Precultured or non-precultured meristems were transferred to a sterile 30 ml plastic tube containing 15 ml of LS ( MS supplemented with 2 M glycerol and 0.4 M sucrose; pH 5.8), where they remain at room temperature for 20 min. Then the LS was removed from the tube with a sterile plastic boll pipette, taking care not to remove or damage the meristems.

The empty tube was then filled with 15 ml chilled PVS251 with the Murashige- Tucker medium replaced by MS ( MS supplemented with 30% glycerol, 15% ethylene glycol, 15% DMSO and 0.4 M sucrose, pH 5.8) and subsequently placed in an ice bath for 30 min21,23.

Of each sample of 10 meristems, 3 were directly transferred from the PVS2 to the RS (MS supplemented with 1.2 M sucrose, pH 5.8) at room temperature to act as a control. The remaining 7 meristems were transferred with a plastic boll pipet to a sterile aluminium foil strip (4 × 15 mm). From this strip, the remaining PVS2 fluid was removed until only a thin layer of PVS2 surrounds each meristem. Subsequently the aluminium strip was plunged into liquid nitrogen (LN). When the LN surrounding the aluminium strip stopped boiling, the strip containing the meristems was transferred to a 2 mL cryotube filled with liquid nitrogen where the meristems remained for at least 30 min. To warm the meristems, the aluminium strip with meristems was removed from the cryotube with liquid nitrogen and directly plunged in the RS at room temperature.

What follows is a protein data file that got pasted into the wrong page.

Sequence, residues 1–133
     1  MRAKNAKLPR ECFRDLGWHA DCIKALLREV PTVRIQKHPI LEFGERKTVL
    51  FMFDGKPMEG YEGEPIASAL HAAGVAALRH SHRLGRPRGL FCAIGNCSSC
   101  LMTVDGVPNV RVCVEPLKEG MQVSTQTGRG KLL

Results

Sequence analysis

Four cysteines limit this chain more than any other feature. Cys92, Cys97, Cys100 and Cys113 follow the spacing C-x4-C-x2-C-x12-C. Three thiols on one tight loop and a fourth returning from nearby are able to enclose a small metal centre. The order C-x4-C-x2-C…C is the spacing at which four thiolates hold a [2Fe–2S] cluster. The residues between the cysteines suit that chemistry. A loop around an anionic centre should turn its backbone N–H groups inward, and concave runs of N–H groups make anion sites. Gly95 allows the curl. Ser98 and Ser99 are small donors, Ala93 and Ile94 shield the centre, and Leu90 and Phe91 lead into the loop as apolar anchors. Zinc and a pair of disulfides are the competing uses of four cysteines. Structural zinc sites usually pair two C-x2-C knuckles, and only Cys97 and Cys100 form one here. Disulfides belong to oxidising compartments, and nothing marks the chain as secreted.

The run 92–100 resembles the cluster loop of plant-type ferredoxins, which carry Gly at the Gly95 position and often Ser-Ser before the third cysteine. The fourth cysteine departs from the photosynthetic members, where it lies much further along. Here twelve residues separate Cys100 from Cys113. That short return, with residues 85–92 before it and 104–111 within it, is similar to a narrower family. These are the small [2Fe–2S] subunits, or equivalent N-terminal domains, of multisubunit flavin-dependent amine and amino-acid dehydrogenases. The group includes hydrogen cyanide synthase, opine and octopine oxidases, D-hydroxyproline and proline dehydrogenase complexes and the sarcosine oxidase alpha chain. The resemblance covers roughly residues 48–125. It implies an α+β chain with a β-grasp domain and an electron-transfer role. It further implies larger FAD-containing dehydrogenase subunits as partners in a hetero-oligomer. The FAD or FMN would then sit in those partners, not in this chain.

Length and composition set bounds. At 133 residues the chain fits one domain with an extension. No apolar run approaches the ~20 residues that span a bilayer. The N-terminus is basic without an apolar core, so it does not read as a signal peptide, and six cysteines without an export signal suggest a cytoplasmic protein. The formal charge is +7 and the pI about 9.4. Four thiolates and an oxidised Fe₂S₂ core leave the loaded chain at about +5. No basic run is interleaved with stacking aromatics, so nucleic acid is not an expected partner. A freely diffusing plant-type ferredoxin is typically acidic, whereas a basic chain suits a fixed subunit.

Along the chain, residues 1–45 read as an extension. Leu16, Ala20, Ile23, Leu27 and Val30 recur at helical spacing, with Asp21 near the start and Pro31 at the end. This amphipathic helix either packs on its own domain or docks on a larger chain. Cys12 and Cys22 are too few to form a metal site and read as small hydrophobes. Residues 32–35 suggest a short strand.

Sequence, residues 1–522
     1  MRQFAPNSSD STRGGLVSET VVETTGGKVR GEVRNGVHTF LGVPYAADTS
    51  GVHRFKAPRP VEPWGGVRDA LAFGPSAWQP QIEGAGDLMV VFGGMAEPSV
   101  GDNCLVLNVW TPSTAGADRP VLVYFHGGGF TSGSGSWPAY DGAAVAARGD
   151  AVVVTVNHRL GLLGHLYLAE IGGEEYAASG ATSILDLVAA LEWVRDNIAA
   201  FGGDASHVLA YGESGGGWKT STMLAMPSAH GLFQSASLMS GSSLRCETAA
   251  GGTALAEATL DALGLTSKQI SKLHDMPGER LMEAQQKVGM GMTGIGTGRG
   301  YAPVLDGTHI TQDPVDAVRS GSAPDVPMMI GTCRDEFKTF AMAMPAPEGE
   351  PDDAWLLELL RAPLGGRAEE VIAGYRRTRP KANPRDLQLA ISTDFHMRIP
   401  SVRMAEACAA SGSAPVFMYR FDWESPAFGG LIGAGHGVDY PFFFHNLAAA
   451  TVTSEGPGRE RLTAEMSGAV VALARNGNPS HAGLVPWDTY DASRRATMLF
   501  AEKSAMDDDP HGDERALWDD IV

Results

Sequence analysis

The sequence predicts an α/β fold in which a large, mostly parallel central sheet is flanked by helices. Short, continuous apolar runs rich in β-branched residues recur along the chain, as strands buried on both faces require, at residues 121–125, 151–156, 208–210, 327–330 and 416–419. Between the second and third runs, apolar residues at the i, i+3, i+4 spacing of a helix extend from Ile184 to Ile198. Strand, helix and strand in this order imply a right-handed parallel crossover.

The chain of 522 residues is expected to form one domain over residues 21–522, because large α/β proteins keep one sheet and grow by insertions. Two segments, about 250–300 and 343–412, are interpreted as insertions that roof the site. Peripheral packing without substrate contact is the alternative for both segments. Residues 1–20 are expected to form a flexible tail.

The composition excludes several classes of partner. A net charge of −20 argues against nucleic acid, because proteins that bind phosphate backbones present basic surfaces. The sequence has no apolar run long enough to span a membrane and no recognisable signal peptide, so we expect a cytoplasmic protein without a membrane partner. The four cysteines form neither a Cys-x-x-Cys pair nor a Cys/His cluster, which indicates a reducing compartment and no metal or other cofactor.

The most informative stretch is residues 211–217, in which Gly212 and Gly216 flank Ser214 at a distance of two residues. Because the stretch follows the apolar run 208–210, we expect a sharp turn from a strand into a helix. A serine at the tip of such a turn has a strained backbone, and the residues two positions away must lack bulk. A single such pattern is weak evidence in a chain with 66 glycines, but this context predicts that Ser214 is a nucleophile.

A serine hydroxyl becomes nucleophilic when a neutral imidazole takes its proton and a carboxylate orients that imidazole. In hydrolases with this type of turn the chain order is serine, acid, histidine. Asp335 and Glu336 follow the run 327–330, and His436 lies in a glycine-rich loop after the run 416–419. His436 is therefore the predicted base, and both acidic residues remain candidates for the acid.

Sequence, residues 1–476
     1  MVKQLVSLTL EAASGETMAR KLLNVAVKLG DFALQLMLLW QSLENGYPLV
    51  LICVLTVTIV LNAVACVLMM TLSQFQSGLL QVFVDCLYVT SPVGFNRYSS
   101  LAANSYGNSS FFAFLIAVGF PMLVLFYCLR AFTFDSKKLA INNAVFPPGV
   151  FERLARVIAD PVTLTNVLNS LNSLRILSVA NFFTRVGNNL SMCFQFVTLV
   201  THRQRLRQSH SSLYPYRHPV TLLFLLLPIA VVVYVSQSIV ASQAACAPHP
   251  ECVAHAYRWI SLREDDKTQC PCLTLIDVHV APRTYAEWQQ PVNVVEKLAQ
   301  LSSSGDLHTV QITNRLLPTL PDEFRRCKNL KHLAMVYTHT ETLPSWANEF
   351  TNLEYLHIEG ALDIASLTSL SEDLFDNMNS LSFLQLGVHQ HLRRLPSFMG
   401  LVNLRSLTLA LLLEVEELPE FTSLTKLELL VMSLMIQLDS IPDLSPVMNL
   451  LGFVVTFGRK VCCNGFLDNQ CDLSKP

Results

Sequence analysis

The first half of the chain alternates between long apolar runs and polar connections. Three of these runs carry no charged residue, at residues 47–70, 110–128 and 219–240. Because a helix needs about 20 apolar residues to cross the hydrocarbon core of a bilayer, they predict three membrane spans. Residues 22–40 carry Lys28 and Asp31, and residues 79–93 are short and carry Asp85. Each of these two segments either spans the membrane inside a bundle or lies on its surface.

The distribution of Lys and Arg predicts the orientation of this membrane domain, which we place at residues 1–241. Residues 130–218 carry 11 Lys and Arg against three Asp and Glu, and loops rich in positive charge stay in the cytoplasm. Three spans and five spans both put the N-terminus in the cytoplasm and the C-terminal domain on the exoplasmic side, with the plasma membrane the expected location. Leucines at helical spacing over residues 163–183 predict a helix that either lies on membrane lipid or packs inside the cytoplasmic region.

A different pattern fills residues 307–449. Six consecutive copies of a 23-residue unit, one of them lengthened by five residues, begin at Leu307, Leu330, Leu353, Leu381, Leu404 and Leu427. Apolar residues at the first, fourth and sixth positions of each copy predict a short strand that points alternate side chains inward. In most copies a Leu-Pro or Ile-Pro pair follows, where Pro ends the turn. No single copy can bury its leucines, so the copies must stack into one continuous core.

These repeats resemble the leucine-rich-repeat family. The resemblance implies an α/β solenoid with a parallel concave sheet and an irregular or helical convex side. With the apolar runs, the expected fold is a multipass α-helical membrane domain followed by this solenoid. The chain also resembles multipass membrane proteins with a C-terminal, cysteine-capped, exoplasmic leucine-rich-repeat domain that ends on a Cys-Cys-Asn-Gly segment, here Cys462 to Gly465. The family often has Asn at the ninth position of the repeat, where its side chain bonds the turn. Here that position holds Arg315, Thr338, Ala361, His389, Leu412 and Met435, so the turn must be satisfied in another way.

Both control and cryopreserved meristems were exposed to the RS for 15 min. Following this, they were placed one by one with a plastic boll pipette onto a filter paper placed on a MS plate containing 0.3 M sucrose. The plates were then sealed with parafilm and stored overnight in darkness at a temperature of 24 °C. The next day, the meristems were transferred on to the regeneration medium in an upright position, with the meristematic domes not fully submerged in the medium. The meristems were left in the dark for 7 days, where after they were moved into the light.

After 1 month they were moved from the regeneration medium to new MS plates (Fig. 8).

Figure 8

Step-by-step cryopreservation process of sweet potato.

Effect of the age of the in vitro plantlet